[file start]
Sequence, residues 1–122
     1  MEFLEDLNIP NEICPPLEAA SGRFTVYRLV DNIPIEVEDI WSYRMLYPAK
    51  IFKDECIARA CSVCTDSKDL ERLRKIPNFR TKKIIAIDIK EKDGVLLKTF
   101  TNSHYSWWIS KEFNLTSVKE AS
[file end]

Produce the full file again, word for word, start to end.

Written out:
Sequence, residues 1–122
     1  MEFLEDLNIP NEICPPLEAA SGRFTVYRLV DNIPIEVEDI WSYRMLYPAK
    51  IFKDECIARA CSVCTDSKDL ERLRKIPNFR TKKIIAIDIK EKDGVLLKTF
   101  TNSHYSWWIS KEFNLTSVKE AS